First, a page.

The school next door’s camp festivities today involved very loud music and an electronic bullhorn (to talk to about 40 kids, mind). Some kind of line dance. There were the usual irritations, too — leaf blowers (against the law in the summer here), garbage trucks, and not one but two near neighbors with hired hands running power tools all day.
I’ve just pulled out the wireless earbuds and feel wrung out, relieved.
The good news is that the heat broke. Now that it’s quiet, I can open all the upstairs windows again.
I’m just scrolling around looking for tree photos.
I used to be on the lookout for treasures on the curb. It was fun and full of surprises. One neighbor was an antique dealer with limited storage space, so we were often lucky. We’ve picked up stools, porcelain ewers, frames still in their wrapping, loaf pans and Bundt pans, wicker tables, tins of all kinds, and so much more.
These days, however, I’m much more motivated by putting things on the curb.
I’ve reached the age where getting rid of shit affords a nearly religious pleasure.
It’s not quite what the Swedes call “death cleaning,” though it’s hard to avoid the thought that our efforts will at some point make life simpler for the boys. It’s not quite Kondo-izing either since the house is pleasing and functional already and I don’t feel the kind of virtue that I associate with “The Life-Changing Magic of Tidying Up.”
There are other factors as well. My town switched up the garbage rules such that fewer and fewer items can be scouted in all their random and free glory. The antique dealer moved away. Also, I HAVE ENOUGH GOD-DAMNED FRAMES!
I cleaned out half of a cupboard this weekend. Now my two cuisnarts have room to breathe (Yes, I have one big one and one nut-chopper-sized one and I use both all the time).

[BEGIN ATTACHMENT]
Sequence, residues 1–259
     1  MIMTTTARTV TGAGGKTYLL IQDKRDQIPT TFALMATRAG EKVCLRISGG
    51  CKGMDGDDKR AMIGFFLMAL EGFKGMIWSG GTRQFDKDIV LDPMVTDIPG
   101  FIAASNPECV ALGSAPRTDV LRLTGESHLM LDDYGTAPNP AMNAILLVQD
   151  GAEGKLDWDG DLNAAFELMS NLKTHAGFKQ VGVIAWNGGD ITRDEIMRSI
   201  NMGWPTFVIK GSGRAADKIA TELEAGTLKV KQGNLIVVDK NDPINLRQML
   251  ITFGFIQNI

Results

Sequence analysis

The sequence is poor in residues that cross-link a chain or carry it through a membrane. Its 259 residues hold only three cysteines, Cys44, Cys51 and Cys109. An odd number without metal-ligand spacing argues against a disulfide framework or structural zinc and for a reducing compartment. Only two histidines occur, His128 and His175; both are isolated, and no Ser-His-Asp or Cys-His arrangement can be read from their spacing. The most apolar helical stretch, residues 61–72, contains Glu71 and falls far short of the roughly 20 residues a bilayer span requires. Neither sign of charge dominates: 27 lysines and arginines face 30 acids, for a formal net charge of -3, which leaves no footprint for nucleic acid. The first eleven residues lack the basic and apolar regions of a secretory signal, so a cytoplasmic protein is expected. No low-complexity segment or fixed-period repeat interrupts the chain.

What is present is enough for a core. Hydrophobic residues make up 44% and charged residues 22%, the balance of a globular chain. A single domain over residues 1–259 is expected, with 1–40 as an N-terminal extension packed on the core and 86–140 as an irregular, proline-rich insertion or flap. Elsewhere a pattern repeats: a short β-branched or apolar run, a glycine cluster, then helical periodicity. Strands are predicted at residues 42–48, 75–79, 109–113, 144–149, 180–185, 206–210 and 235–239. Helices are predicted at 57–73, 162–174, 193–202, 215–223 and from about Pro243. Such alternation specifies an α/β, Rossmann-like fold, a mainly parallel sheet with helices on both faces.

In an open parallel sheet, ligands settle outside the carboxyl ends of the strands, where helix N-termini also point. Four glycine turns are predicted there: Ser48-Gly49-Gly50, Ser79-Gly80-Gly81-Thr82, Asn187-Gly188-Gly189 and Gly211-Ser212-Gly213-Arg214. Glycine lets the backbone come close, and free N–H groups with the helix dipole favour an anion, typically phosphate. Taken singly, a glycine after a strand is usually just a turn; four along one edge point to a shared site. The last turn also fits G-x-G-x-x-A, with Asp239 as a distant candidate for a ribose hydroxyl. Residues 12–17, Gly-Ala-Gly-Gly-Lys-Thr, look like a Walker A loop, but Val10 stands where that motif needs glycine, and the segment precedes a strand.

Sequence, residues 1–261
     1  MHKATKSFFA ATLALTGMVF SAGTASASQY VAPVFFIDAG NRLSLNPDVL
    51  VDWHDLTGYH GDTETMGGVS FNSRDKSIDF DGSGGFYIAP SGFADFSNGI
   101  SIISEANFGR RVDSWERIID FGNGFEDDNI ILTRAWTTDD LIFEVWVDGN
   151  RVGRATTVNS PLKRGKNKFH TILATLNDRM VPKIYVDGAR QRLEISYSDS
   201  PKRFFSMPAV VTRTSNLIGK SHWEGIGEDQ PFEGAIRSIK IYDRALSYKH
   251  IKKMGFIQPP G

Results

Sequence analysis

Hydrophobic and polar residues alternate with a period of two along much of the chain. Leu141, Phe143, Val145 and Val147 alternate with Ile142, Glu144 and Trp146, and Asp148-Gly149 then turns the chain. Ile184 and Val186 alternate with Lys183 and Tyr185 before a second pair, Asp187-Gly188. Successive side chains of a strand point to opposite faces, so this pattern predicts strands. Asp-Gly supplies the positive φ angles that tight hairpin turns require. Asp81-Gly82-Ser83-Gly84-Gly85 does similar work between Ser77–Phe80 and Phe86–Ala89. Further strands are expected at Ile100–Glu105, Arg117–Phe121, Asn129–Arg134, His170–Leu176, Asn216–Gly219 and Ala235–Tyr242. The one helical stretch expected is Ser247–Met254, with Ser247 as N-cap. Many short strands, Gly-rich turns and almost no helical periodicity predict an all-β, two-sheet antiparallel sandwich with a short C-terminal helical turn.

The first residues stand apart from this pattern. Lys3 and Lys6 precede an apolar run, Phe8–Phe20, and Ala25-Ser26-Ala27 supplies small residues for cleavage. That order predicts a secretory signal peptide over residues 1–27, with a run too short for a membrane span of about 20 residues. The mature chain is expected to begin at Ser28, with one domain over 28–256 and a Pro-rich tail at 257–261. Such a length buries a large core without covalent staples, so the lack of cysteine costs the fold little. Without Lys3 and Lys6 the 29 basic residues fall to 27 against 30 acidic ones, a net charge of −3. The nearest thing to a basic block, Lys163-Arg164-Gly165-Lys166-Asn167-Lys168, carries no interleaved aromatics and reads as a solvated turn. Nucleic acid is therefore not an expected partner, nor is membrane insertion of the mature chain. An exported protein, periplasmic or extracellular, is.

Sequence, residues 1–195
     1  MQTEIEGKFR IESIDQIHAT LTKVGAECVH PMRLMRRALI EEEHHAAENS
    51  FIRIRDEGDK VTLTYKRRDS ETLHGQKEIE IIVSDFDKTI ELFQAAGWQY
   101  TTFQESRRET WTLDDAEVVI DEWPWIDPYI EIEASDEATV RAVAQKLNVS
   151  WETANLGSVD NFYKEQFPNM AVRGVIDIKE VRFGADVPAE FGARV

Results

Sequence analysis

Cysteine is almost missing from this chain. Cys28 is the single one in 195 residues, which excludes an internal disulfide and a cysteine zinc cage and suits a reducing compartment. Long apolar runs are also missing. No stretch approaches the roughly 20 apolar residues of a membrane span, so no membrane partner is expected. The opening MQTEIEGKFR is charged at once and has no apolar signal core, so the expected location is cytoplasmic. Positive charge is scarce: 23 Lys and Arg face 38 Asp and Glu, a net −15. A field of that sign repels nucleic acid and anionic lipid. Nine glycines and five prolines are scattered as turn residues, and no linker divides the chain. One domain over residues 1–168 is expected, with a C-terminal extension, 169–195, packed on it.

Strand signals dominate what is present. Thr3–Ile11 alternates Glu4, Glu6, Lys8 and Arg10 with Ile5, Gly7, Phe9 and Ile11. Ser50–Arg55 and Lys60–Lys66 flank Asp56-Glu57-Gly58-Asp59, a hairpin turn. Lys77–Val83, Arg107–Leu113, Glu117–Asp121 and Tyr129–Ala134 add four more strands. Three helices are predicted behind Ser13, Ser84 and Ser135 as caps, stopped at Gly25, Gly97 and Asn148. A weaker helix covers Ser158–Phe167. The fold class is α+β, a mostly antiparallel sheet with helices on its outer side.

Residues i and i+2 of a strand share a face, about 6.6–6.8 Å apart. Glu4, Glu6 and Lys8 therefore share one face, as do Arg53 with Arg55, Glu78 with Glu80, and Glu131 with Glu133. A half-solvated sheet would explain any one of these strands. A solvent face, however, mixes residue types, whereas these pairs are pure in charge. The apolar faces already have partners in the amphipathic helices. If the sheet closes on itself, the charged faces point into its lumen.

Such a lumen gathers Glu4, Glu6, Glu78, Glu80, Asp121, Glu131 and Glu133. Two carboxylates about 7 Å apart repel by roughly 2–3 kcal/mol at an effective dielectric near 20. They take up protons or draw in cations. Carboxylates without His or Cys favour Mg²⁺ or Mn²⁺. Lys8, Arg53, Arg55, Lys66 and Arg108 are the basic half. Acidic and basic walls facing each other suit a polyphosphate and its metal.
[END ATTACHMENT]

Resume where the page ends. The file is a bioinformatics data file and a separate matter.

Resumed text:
Some items went straight to the curb. I’m happy to say, someone snagged the Zoodler (a counter-top device that turns zucchini into “noodles.”) Someone took the wooden bowl, even though it was cracked. A sizable collection of paper bags went first. Whoopee! With each disappearance, I feel a kick of joy.
Other items from the recently cleaned-out cupboard will get listed on Facebook — some on the Everything Free board, others on a sale board.
Note to self: remember the turkey frier.
First let me say, the frier was a garbage pick itself and hence part of the flow we label, curb to curb. If there’s a slight hesitation about giving something up, it can help to shrug and say those words out loud, “Curb to curb.” Clearly, price was not a big factor. I asked $15.
To my surprise, the thing generated a lot of interest. I fielded and juggled messages for days. After one no show, I was careful not to mark the frier sold prematurely. Some people saw that gap as opportunity. They got weirdly ruthless (“I CAN COME OVER THIS SECOND!”)
As badly as I wanted the process to be over, a sense of fairness came into play. I felt I needed to wait and see if the sale closed before offering it to someone else. This went on for days.
One of the best things about travel is returning home. Is this an old lady thing?
I spent the day cleaning and as part of that effort, asked K to move his workstation. Our kitchen table is fully visible and useable as a place to eat for the first time since March 2020. This feels like a minor victory, though I’m not sure it is.
After a week in Los Angeles, we did not swing through Denver as originally planned. D got Covid two weeks ago and was still symptomatic so it made no sense. We haven’t seen him since June 2021. We did get to spend time with our older boy though and that was great.
Two things happened. First, we scheduled a vent cleaning. In order to give the workmen access to our upper furnace, we had to clear out one side of the attic. We found old papier-mâché animals, high school papers, a Build-a-Bear pillow from one of the boys’ birthday parties. There was a batch of pictures, all framed.
Second, we got word that K’s brother would stay with us for the weekend. Time to tidy one of the boys’ bedrooms!
That’s when I decided to resurrect one of the stowed-away pictures.
Before C was born, my mother painted this tropical reef scene for his nursery. We hung it immediately and loved it for years, but then put it away. Why exactly, is opaque to me now. Were the colors too juvenile or did the Marvel posters compete for space?
It was with a mixture of pride, longing, and love that I put the painting back on the wall. Hello, Mom!